Come January 31, oral declarations of U.S. citizenship for crossing back into the United States from Canada will be a thing of the past, Homeland Security chief Michael Chertoff said yesterday.
Adults who don't have passports will no longer be able to simply tell agents they are U.S. citizens. They'll be required to show an identification card, such as a driver's license, and proof of citizenship, such as a birth certificate .... [Chertoff] said that leaving the oral declarations in place at the northern border makes a mockery of the government's efforts to stop illegal immigration across the southern border with Mexico.
Critics of the move, like Representative Louise Slaughter (D-NY), say the new border rules will lead to unnecessary congestion at border crossing locations.
"We're not going to stand for it," she said. "There will be such a tie-up at that border. It will be the worst the world has ever seen."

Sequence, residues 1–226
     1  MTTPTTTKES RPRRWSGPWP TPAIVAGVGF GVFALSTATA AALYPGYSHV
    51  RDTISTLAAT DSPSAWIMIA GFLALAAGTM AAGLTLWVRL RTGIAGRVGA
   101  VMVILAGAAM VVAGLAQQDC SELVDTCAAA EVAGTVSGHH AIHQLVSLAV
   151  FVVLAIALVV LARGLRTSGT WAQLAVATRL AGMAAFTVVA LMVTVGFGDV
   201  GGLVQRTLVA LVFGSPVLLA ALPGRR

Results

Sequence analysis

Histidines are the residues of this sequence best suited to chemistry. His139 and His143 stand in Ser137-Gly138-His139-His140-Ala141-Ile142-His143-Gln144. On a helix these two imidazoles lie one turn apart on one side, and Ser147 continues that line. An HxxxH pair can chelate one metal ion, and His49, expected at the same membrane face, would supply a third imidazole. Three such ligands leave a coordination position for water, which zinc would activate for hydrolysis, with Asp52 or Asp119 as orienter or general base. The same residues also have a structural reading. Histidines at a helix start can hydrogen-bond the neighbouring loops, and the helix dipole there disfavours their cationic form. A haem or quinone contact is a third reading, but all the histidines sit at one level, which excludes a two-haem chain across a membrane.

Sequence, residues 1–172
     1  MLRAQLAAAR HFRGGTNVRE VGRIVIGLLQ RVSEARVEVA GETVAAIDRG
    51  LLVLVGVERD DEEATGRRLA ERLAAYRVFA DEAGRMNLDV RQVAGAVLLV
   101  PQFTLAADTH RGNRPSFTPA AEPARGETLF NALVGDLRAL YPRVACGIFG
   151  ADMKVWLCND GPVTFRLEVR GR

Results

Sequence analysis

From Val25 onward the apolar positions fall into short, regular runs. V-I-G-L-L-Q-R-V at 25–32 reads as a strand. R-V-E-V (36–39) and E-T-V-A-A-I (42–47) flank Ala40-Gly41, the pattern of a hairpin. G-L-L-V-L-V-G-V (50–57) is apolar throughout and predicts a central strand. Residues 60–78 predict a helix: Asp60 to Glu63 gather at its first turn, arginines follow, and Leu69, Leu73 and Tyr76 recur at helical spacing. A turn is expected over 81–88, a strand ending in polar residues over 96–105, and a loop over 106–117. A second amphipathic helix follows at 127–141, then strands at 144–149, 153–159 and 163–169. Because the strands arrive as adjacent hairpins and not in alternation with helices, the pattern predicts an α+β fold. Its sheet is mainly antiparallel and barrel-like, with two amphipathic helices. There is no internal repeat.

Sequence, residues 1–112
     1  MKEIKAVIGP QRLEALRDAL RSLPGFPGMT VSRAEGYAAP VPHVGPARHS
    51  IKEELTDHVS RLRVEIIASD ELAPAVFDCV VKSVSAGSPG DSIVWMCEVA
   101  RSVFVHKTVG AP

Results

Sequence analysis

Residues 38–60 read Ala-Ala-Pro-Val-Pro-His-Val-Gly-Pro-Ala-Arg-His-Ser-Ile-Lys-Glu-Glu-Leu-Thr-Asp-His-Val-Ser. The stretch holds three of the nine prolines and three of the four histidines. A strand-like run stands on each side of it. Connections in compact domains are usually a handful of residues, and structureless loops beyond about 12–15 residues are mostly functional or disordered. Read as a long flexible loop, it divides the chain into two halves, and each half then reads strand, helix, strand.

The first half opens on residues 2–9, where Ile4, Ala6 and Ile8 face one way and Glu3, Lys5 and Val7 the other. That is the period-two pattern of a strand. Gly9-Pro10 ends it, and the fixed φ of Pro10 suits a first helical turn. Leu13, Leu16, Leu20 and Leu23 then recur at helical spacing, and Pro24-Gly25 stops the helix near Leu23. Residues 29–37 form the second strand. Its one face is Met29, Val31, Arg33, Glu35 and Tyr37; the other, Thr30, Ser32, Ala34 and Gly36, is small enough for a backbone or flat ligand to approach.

But Chertoff isn't buying it and he had some choice words for those opposing DHS' latest border security rule.
"It's time to grow up and recognize that if we're serious about this threat, we've got to take reasonable, measured but nevertheless determined steps to getting better security," he said in an interview with The Associated Press.
When the new rules start, anyone 19 and older will have to provide a proof of citizenship to cross back into the United States. Acceptable proof of citizenship, reports the AP, include:
• U.S. passport
• U.S. passport card
• Trusted Traveler card
• Secure driver's license
• U.S. military ID with travel orders
• U.S. merchant mariner document
• One of several IDs issued to American Indians
If the person crossing does not have any of these documents, they will have to present their driver's license with a birth certificate, or if an immigrant to the United States, a government certificate that shows naturalization, citizenship, or birth abroad.